Specific Performance: an Explainer

What is specific performance?

Specific performance allows courts to order a party to do certain things to keep their promises in the contract. For example, if you made a binding contract with someone to purchase a block of land from them and they later refuse to give you the land, the court can order specific performance so that the person must sell you the land. There are certain conditions that need to occur before specific performance can be ordered.

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Requirements for specific performance

To get an order for specific performance you first have to prove that there is a binding contract. You also have to prove that the party to the contract has breached the contract. If you are seeking specific performance you are the plaintiff, leaving the other party as the defendant.

It is necessary to understand that contract law and the granting of specific performance orders is very complex and this article should not be used as a comprehensive guide. If concerned about your contract being upheld or any remedies available to you, reach out to expert contract lawyers.

The type of breach required

The breach has to be either actual or anticipated. An actual breach is where the party flat out refuses to perform their obligations under the contract. An anticipatory breach is where a party threatens that they will not perform their obligations. For the anticipatory breach, the threat has to be more than an idle threat, meaning it has to have a real possibility that the party will breach their contract.

Factors affecting the granting of specific performance

There are a wide range of considerations that the courts factor in to figure out whether to grant specific performance. Several of these include:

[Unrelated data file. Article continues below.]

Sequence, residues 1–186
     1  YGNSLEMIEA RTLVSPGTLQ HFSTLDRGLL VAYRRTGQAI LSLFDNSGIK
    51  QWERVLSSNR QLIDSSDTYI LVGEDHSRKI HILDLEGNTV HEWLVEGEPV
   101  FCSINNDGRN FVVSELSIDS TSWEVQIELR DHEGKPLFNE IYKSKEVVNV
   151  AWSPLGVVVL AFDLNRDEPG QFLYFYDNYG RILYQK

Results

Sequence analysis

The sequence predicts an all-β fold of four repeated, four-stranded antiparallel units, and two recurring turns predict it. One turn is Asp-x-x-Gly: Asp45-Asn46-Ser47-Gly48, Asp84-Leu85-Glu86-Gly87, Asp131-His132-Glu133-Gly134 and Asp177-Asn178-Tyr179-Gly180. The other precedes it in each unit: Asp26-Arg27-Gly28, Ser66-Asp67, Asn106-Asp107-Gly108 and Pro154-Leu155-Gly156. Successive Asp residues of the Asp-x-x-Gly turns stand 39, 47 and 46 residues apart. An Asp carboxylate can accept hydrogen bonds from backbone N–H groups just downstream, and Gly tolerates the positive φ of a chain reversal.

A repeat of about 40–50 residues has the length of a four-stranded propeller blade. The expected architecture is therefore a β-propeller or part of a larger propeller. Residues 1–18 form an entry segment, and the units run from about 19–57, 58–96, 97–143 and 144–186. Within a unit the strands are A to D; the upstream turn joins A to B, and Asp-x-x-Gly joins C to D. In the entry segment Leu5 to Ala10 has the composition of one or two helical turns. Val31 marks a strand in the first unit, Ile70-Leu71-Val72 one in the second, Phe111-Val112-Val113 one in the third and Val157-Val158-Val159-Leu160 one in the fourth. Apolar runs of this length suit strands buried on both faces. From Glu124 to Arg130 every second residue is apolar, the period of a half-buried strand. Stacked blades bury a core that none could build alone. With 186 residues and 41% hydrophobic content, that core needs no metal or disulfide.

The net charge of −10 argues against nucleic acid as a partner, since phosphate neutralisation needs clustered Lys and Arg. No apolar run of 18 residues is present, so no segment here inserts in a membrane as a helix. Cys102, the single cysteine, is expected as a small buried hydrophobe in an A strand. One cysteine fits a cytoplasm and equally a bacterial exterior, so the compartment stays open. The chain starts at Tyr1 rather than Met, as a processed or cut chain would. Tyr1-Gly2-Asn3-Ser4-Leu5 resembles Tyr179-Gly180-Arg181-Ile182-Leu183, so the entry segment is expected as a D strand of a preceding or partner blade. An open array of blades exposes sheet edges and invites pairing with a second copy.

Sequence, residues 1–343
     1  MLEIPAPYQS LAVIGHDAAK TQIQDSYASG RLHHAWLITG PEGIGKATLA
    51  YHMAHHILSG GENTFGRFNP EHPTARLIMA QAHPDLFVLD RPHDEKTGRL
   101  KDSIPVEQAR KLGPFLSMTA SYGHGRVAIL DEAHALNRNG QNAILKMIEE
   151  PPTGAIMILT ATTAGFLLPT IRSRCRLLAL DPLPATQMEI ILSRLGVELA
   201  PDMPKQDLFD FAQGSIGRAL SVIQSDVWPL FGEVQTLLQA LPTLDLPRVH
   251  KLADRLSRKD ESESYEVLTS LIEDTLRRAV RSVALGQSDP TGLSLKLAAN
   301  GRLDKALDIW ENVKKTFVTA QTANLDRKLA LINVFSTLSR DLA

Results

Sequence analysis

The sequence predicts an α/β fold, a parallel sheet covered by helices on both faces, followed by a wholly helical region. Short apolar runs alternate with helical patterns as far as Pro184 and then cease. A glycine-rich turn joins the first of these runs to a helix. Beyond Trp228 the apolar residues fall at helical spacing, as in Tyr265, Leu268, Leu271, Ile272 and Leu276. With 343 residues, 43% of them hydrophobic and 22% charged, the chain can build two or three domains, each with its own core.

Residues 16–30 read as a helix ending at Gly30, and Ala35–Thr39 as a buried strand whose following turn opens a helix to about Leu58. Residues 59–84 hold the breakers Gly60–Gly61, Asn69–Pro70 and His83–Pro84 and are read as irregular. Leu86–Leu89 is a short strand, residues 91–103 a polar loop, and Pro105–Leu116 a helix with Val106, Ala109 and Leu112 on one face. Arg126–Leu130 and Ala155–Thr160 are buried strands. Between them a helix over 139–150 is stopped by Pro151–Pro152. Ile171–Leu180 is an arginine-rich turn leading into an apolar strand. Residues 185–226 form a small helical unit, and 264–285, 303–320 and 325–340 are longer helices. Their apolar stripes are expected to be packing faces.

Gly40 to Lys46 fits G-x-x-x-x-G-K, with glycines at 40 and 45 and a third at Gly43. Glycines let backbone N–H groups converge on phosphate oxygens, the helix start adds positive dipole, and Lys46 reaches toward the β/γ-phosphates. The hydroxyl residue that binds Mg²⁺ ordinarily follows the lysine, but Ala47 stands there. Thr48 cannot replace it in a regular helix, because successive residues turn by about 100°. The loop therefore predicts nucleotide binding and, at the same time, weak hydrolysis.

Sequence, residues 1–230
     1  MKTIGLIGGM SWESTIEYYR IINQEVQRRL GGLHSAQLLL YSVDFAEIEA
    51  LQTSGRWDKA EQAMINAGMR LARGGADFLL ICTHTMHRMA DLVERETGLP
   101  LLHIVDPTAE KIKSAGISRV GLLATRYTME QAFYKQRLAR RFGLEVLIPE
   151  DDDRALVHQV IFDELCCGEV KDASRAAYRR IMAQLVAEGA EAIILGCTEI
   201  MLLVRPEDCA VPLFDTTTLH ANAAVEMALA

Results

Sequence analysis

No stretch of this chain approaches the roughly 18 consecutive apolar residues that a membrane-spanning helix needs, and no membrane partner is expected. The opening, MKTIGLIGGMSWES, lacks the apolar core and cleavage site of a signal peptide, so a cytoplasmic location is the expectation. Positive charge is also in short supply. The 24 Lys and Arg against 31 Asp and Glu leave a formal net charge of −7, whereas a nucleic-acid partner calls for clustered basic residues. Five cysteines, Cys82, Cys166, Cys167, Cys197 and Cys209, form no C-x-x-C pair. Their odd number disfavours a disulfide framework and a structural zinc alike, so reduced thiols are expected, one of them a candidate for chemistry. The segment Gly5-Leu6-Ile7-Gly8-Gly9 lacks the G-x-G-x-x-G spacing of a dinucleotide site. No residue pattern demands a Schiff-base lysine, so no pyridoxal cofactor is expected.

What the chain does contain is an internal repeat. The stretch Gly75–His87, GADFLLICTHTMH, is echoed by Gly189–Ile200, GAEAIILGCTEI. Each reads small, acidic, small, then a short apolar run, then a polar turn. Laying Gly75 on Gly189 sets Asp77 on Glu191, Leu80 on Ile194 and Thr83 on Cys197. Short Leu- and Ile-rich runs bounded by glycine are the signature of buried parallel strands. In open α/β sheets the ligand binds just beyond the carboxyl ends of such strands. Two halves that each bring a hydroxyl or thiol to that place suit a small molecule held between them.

If damages are sufficient

As a general rule a court will only order specific performance where money is not enough to pay for the damages. Normally money is more than sufficient to pay for damages, however, certain things are one of a kind, like land and artworks. With one of a kind items, no matter the amount of money received as damages you still couldn’t purchase the item if the defendant refuses.

If it is clear what the obligations are

A court will not grant specific performance forcing a party to fulfill their obligations if they are not sure what those obligations are. This is why it is necessary to make sure the terms of the contract are easily identifiable and clear. If thinking about drafting a contract, check out our expertly crafted legal documents that can be moulded to fit your custom needs.

Whether it forces the defendant to maintain a relationship with the plaintiff

Generally specific performance will not be given if the obligation of the contract requires keeping a personal relationship between the parties. For example, this could be in terms of a contract requiring personal service, such as employment.

The hardship placed on the defendant

A court will not order specific performance if there is unconscionable hardship to the defendant. It is not enough to prove that some hardship would occur from it, it has to be unconscionable. Clearly defining unconscionable hardship is difficult as it is not defined in an act but throughout case law. As a starting point its best to think about it as particularly harsh or oppressive.

What happens if you don’t comply with specific performance?

Because specific performance is a court order it can have very serious consequences for someone who doesn’t comply. If the defendant does not respect the specific performance order, they may be found guilty of contempt of court. This could result in fines and imprisonment.


If you want to enforce the contract because money is not enough, specific performance is the ideal option. Compelling the defendant to fulfill their obligations is a powerful tool but does require check boxes. First there has to be a breach, either actual or apparent. Secondly, the main considerations are that money as damages has to be insufficient, the obligations have to be clear, and the obligations will not result in unconscionable hardship. If you wish to have a proper contract in place, check out our range of custom and easy to use documents.

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